• And that's why SO answers should include relevant quotes... links are dead. – Stijn de Witt Jun 6 '16 at 20:37
2

If you really need to go for performance you can define bounding boxes for your data and map the pre-compute bounding boxes to your objects on insertion and use them later for queries.

If the resultsets are reasonably small you could still do accuracy corrections in the application logic (easier to scale horizontal than a database) while enabling to serve accurate results.

Take a look at Bret Slatkin's geobox.py which contains great documentation for the approach.

I would still recommend checking out PostgreSQL and PostGIS in comparison to MySQL if you intend to do more complex queries in the foreseeable future.

  • 1
    And this is exactly why we should not use links on StackOverflow. Your link is broken. – Sandor Aug 5 '14 at 16:47
  • 1
    @Sandor thanks for letting me know, I've adapted the answer and removed the dead link. – tosh Aug 18 '14 at 18:25
1

The indices you are using are indeed B-tree indices and support the BETWEEN keyword in your query. This means that the optimizer is able to use your indices to find the homes within your "box". It does however not mean that it will always use the indices. If you specify a range that contains too many "hits" the indices will not be used.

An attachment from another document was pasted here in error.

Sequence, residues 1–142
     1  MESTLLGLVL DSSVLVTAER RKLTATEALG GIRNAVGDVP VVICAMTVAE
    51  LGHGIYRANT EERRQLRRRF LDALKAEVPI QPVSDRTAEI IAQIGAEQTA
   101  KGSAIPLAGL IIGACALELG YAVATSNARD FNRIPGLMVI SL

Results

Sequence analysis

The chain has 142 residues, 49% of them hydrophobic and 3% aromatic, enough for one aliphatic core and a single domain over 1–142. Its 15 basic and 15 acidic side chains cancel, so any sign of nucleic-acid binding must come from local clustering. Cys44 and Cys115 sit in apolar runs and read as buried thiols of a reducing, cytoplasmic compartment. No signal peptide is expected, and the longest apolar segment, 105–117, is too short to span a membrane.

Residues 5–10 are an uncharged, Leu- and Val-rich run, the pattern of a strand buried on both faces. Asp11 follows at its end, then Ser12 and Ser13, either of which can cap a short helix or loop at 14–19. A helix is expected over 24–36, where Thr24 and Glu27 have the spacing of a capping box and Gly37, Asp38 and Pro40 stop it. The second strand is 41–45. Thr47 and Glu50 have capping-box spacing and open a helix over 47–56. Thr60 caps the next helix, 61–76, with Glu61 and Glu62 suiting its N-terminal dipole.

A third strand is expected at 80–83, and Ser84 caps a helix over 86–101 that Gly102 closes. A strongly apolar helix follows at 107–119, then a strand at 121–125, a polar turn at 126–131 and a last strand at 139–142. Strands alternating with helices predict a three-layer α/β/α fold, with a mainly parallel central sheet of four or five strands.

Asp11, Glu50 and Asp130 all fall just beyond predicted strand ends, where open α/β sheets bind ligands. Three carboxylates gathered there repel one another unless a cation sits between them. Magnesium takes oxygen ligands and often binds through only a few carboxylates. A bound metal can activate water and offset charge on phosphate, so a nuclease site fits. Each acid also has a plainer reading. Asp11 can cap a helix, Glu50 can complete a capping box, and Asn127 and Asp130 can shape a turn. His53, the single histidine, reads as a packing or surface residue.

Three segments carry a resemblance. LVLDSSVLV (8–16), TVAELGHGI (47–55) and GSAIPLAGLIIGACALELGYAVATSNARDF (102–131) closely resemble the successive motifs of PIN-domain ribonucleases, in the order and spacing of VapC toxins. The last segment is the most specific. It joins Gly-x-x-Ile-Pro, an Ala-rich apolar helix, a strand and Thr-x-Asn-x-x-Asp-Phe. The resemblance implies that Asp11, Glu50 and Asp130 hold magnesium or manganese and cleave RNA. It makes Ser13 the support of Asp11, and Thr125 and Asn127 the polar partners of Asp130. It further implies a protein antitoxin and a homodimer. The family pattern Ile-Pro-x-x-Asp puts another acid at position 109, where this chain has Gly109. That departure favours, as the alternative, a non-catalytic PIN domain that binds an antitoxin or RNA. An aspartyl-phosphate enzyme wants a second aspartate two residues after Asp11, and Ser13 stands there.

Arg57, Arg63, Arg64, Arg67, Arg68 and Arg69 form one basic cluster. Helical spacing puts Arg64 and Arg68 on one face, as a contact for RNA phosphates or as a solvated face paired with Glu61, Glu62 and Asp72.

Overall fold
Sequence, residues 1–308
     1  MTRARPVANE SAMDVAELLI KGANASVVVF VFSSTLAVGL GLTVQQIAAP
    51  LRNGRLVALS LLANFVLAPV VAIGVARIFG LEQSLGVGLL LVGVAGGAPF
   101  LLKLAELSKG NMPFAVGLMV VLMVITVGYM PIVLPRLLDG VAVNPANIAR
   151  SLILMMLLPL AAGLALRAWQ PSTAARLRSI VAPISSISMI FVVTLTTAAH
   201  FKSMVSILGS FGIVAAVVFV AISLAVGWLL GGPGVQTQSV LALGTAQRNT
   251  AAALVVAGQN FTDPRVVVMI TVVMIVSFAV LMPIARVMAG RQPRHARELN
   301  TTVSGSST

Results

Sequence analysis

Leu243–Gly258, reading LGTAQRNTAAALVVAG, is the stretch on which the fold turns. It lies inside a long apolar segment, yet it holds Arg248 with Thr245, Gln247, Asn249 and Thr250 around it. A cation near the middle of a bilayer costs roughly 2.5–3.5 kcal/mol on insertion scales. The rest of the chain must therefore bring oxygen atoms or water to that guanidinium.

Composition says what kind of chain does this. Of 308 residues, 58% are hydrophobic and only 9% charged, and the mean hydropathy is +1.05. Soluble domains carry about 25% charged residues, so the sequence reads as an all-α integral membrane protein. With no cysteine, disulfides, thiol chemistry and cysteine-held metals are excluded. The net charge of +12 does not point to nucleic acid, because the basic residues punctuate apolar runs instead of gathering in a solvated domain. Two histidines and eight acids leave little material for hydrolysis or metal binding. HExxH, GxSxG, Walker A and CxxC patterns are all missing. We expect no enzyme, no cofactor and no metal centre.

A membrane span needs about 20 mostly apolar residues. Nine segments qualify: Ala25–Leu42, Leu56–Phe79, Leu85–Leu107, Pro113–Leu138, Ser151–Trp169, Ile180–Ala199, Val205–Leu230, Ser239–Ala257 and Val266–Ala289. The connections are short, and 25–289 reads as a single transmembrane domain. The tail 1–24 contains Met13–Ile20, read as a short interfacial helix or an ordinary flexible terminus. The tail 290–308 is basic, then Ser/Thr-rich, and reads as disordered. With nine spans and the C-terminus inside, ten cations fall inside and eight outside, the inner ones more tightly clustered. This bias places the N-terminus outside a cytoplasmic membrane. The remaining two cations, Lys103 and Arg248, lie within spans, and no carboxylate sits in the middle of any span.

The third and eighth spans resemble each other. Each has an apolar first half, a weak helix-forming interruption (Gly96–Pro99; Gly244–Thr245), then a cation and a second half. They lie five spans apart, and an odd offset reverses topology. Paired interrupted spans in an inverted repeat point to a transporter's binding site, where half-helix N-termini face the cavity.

• So, would using min_latitude >= ??? max_latitude <= ??? be better instead of using BETWEEN? – HankW Nov 28 '09 at 20:20
  • From the manual: This is equivalent to the expression (min <= expr AND expr <= max) – Peter Lindqvist Nov 28 '09 at 20:23
  • what do you mean if there are too many "hits" the indexes won't be used? I don't understand – HankW Nov 29 '09 at 4:04
  • If you specify an area that contains too many records the index wont be used. – Peter Lindqvist Nov 29 '09 at 17:22
1

Sticking with your current approach there is one change you should make, Rather than indexing geolat and geolong separately you should have a composite index:

KEY `geolat_geolng` (`geolat`, `geolng`),

Currently your query will only be taking advantage of one of the two indexes.

1

Here's a trick I've used with some success is to create round-off regions. That is to say, if you have a location that's at 36.12345,-120.54321, and you want to group it with other locations which are within a half-mile (approximate) grid box, you can call its region 36.12x-120.54, and all other locations with the same round-off region will fall in the same box.

Obviously, that doesn't get you a clean radius, i.e. if the location you're looking at is closer to one edge than another. However, with this sort of a set-up, it's easy enough to calculate the eight boxes that surround your main location's box. To wit:

[36.13x-120.55][36.13x-120.54][36.13x-120.53]
[36.12x-120.55][36.12x-120.54][36.12x-120.53]